If you have any physiology, performance, or nutrition related questions, email Ben at: ben@yourgroupride.com.

In 1992, the prestigious scientific journal Science named nitric oxide (NO) the “Molecule of the year.” The reason it got this distinction was the new understanding of nitric oxide as an incredibly important signal, especially for causing the dilation of blood vessels. Because of the enormous clinical implications of this mechanism (think hypertension, other cardiovascular disease and even erectile dysfunction), three US scientists received the Nobel Prize for Physiology and Medicine in 1998. Part of the importance of NO stemmed from its ease of being targeted pharmacologically. In fact, it was later found that many popular drugs that were already being used (nitroglycerine for example) were actually targeting the NO pathway. Because of the importance of blood flow, and hence oxygen delivery, to endurance exercise performance it was only a matter of time before NO manipulation emerged as a potential site of performance enhancement.

It was recognized relatively early that NO was formed when an enzyme named nitric oxide synthase (NOS) oxidized L-arginine (an amino acid) to NO. The NO derivatives nitrite (NO2-) and nitrate (NO3-) were byproducts of this reaction. Only more recently was it understood that in addition to the reaction catalyzed by NOS, there were reactions in which nitrate could be reduced to nitrite and then further reduced to NO (a scientific aside – these are redox reactions in which there are oxidations and reductions based on electron transfer). Since some food sources, particularly leafy vegetables, are high in dietary nitrate, providing dietary nitrate through the diet became a potential way to increase NO availability and hence blood and oxygen delivery.
The first evidence of potential exercise benefits was provided by a study conducted in Sweden in which dietary nitrate in the form of sodium nitrate was able to reduce the oxygen cost of a submaximal exercise bout. In other words, the subjects were able to do the same amount of work when cycling albeit at a lower oxygen cost (increased efficiency). These results were expanded further to dietary sources of nitrate, such as beetroot juice, with similar findings. One important study used beetroot juice with nitrate removed as a placebo control and found that the performance benefits were dependent on nitrate being present. Even though it was thought that dietary nitrate could improve exercise performance by increasing oxygen delivery, these study showed that exercise performance increased by an alternative mechanism of increased muscular efficiency.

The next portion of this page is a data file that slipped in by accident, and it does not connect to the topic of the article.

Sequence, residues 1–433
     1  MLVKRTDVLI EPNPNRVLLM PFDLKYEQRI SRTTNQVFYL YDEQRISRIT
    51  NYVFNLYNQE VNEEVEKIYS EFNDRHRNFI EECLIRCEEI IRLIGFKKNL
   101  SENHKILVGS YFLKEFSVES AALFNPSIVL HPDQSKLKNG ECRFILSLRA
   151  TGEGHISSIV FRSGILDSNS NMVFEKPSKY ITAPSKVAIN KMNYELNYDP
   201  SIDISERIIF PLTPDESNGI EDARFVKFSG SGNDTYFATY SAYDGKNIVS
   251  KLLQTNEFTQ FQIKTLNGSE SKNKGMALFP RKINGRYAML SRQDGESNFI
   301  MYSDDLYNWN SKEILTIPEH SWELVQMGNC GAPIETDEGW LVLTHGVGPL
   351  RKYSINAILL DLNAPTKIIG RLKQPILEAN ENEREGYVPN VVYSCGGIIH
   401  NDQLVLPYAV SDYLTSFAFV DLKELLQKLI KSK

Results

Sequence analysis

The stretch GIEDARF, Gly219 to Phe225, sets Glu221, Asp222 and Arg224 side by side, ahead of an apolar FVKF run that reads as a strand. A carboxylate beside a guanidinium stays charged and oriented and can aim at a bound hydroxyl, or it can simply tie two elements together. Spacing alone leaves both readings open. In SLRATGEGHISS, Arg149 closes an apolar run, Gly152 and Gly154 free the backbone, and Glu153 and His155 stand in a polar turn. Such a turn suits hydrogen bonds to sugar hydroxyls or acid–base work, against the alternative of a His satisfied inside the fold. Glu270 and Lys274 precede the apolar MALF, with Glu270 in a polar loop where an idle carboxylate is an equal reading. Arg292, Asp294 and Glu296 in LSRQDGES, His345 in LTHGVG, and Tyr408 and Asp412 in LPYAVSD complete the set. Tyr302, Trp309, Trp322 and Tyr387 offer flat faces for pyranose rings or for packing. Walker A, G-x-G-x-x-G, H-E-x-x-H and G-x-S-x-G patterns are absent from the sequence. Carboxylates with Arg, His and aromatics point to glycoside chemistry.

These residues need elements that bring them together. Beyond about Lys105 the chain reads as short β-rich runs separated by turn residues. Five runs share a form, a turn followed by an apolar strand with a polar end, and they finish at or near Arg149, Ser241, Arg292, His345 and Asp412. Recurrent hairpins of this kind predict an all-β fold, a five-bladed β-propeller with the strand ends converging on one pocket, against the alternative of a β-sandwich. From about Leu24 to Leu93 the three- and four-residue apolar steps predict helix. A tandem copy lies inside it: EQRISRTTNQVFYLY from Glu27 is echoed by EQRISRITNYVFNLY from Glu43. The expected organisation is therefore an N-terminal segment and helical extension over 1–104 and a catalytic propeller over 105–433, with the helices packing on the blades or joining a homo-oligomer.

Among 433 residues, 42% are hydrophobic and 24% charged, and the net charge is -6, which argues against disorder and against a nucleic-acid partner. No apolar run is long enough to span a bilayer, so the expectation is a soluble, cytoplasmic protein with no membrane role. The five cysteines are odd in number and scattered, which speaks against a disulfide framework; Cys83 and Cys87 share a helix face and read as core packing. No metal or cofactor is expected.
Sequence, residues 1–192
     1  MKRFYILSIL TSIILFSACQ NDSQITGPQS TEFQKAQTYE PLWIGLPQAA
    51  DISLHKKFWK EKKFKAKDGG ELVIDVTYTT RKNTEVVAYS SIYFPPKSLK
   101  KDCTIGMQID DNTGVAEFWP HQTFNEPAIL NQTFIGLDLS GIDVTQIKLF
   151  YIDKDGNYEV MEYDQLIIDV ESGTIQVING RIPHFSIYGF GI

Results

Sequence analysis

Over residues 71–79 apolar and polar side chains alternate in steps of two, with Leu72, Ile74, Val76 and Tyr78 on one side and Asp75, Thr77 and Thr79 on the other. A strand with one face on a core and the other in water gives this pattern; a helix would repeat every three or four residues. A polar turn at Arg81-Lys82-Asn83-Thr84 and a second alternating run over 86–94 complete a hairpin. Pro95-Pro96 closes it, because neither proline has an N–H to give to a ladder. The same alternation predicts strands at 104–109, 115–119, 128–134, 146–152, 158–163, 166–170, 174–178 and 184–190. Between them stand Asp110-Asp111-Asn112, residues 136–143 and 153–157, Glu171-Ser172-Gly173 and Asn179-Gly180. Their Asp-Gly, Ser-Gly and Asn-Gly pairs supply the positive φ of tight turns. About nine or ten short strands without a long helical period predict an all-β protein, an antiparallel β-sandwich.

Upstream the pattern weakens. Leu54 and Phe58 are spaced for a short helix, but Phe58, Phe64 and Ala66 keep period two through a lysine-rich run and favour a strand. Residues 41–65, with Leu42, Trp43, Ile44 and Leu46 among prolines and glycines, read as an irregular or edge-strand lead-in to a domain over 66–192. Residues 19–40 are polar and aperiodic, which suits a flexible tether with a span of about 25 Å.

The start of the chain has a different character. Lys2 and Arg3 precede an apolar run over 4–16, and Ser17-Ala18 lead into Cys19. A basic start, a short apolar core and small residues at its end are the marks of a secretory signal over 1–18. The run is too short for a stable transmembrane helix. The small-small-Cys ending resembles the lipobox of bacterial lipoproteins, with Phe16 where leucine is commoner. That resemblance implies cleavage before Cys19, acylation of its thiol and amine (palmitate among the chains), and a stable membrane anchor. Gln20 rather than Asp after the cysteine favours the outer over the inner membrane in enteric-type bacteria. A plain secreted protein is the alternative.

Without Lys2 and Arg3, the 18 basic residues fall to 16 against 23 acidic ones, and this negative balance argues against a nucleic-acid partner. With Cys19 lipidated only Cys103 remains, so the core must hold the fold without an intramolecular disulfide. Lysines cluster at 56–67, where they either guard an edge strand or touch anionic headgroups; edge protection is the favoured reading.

What followed was a series of investigations in a variety of exercise modes, at different exercise intensities, and with different populations from untrained to highly trained individuals. Under a variety of conditions, these studies have consistently shown an increase in exercise performance, as measured by time to exhaustion or time trial performance. Although the exact mechanisms are yet to be fully understood, it is thought that the improvement in exercise efficiency could be because of a reduced energy cost of muscle contraction and/or enhanced mitochondrial function. The laboratory of Andrew Jones at Exeter University in the UK has been particularly influential in this area of study.
Besides the mechanism of action, there is still one great unknown with dietary nitrate supplementation – do truly elite athletes benefit from its use. It is known that a great many elite athletes use beetroot juice to enhance performance. However, studies in elite athletes are few (elite athletes are by definition rare), and inconclusive. It is clear that those at the sub-elite level (the vast majority of us) can gain a performance benefit from dietary nitrate, but at what performance ability that might stop is yet unknown. It is thought that the truly elite are operating at such a high limit that the margin of potential benefit is small. However, even in the studies of elite athletes that have inconclusive results, there are some individuals that show a clear benefit, while others do not. Therefore, it is a classic case of “responders” and “non-responders” that may be determined by ones normal nitrate/nitrite levels.
Although this column is usually not one to support supplementation, at this point there is pretty clear evidence that dietary nitrate, like that found in beetroot juice, can improve exercise performance. There is additional evidence (not gone into here) that this could be even more beneficial at high altitude, which a consideration in Colorado (although maybe not Fort Collins, which is considered moderate altitude). The research on the topic is still emerging and new products will continue to hit the market since many are on the beetroot bandwagon. To help you make informed decisions, I have included a link to practical recommendations from Dr. Jones: Beetroot recommendations.